How To Get Over Someone In Your Friend Group, Because No Contact Can Get Tricky

As someone who's dealt with the grim aftermath of getting caught between two friends who ended up in a relationship and a subsequent breakup — dating within your friend circle isn't always the best idea. After all, if and when the relationship goes south, the potential for things to get messy is, unfortunately, very real. Ultimately, figuring out how to get over someone in your friend group might be way harder than either of you had thought.

Although the majority of people don't become platonic friends with someone in the hopes that it will turn into something more, sometimes one thing leads to another and it just sort of happens. Before you know it, you're plotting with your new bae about the best way to come clean to your crew about the 'ship. It goes without saying that true love is totally worth taking a risk on, but if you're going to go down this road, it's important to know how to deal should things go off the deep end. I spoke with NYC relationship expert Susan Winter to get her advice on dating and potentially breaking up with someone in your friend circle.

"Dating someone from your friend group is both easy and tricky at the same time," Winter tells Elite Daily. "It's easy because you both share similar interests and friends. Yet, it's tricky because if things go south you're sure to be seeing this person in the future."

And let's face it, after a breakup, hanging out with your friends (and potentially your ex) as if nothing ever happened is likely to present some challenges. From my experience, the saddest part about being caught between the breakup of two friends is that no matter how much either party insists there's no need to choose sides, being equally supportive can start to feel almost impossible.

"Everyone else in your friend group will be required to choose sides after a breakup. Meaning; Whose fault was it? With whom do I sympathize?" explains Winter. Of course, it's important to acknowledge that not every romantic relationship between friends is followed by a dramatic split. If the breakup was amicable, Winter recommends not overthinking things. "Sometimes this works out better than you'd imagine," says Winter. "Considering you were friends first, much of that foundation still exists after a breakup. Romance was added to the top layer of your friendship. Stripping away the romance simply brings you back to your original friendship design."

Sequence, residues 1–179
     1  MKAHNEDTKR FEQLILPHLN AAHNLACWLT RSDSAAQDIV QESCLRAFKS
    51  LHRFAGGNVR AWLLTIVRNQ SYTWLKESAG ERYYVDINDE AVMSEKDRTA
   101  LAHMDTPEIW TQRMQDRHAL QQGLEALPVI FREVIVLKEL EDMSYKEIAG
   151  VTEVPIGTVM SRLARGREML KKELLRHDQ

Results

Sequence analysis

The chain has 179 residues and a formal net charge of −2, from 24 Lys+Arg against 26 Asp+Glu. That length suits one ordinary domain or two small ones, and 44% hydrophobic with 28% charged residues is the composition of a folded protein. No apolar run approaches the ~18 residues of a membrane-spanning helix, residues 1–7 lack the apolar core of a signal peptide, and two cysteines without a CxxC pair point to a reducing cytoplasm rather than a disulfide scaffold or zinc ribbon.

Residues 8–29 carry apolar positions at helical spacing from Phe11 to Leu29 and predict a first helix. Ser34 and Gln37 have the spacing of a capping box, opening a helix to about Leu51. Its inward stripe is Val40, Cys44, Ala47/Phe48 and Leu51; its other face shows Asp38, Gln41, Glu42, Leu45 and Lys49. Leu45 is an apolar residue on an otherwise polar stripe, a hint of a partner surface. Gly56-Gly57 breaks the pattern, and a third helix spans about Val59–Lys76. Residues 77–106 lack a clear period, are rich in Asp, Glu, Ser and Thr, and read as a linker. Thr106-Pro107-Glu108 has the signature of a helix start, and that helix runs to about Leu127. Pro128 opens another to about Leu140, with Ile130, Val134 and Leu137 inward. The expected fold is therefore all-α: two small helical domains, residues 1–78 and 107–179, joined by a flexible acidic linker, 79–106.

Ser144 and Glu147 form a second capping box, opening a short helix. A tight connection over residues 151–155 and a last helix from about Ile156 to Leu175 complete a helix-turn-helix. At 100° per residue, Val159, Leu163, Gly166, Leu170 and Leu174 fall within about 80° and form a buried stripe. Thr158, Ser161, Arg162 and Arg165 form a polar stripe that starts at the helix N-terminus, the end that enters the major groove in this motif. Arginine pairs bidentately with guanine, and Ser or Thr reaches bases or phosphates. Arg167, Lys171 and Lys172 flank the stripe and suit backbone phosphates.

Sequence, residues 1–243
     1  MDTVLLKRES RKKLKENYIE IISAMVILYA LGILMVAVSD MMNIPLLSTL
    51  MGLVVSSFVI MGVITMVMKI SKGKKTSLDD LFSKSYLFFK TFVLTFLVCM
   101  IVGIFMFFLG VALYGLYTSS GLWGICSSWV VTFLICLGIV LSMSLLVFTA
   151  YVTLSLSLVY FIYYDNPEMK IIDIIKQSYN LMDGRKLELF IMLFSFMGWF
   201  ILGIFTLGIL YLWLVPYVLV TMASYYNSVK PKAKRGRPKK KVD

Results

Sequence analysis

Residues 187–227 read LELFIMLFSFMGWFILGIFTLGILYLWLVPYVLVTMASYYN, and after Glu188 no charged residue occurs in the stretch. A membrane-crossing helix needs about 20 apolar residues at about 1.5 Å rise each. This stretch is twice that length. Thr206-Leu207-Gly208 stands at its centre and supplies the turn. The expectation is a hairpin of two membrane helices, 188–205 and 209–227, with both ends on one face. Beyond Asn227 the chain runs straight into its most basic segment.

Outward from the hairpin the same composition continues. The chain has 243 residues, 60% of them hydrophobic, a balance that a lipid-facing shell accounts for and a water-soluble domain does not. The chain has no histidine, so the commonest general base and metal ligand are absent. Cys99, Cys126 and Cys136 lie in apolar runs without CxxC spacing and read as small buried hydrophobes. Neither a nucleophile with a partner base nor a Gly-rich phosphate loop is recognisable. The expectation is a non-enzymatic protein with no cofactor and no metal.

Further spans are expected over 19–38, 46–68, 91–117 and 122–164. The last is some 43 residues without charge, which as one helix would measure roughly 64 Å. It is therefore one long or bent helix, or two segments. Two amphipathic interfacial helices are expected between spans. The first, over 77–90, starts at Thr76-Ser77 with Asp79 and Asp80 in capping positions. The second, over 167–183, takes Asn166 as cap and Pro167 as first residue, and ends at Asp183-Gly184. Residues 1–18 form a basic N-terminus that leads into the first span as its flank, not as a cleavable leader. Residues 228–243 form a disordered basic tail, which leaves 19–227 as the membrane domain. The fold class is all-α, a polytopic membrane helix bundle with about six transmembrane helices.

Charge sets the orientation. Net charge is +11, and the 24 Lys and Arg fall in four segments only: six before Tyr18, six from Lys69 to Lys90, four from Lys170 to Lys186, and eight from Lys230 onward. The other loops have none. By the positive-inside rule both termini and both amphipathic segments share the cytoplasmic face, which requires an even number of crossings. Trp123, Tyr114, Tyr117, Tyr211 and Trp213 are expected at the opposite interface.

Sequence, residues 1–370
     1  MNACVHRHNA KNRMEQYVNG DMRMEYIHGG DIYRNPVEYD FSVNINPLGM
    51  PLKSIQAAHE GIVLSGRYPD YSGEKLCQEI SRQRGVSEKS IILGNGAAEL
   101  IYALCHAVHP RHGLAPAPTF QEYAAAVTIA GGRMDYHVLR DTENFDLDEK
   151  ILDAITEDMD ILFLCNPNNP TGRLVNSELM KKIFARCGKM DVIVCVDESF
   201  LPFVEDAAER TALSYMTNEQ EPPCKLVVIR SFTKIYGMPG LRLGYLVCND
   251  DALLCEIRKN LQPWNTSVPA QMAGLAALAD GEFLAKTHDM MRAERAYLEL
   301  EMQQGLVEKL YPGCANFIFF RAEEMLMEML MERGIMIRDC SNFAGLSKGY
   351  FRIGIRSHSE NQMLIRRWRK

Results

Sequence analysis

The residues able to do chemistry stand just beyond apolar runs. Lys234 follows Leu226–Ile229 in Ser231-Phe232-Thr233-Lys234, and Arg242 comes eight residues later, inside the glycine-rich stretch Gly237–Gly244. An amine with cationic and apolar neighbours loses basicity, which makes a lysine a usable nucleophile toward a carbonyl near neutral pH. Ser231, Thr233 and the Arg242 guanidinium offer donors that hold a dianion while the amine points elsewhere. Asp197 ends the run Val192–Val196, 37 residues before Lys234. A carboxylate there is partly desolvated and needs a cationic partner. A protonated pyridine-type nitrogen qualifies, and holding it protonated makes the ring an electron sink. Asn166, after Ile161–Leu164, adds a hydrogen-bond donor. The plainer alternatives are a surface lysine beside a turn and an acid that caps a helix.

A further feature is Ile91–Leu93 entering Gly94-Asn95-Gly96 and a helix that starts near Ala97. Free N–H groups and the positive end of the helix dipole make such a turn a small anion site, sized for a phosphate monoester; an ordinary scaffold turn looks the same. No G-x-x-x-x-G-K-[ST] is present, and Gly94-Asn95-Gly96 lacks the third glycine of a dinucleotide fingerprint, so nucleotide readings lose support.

However, Winter also notes that some breakups simply don't allow for you to continue socializing with your ex. Therefore, actively avoiding them — even if that means passing on social events you would normally attend — may be a totally viable option. "The need for avoidance depends upon the severity of the breakup, and the conditions under which the breakup occurred," explains Winter. "If there was infidelity or emotional abuse, you'd be best served by adjusting your schedule to avoid seeing your ex."

At the end of the day, I'm sure we've all seen situations where friends who began dating ended up making things work. So if you and a friend have developed some romantic feels, it's totally understandable that shutting down the potential for romance could also feel like the wrong move. If the thought of not giving things a try is more than you can stand, then Winter recommends hashing out the worst-case scenario before you get physical.

"Having an in-depth conversation with each other before you become sexual is the surest way to avoid an uncomfortable aftermath," says Winter. Even though talking about the potential that you might break up may seem like the least romantic thing ever, it could save you and your friends a lot more suffering down the line.

"Negotiate, in advance, on a mutually agreeable protocol in the event of a breakup," says Winter. "How do you handle yourselves? How do you handle your friends? Discuss which person you'd choose as your BFF and support buddy. If you can design a civil format for polite behavior in a 'worse case scenario,' you've just avoided a future crisis."

Before embarking on a relationship, each situation comes with its own unique set of circumstances to be considered. Dating within your friend circle is no different. Take it from me, it's so much better to have a few awkward conversations in the beginning than to watch the relationships between your group of friends crumble.

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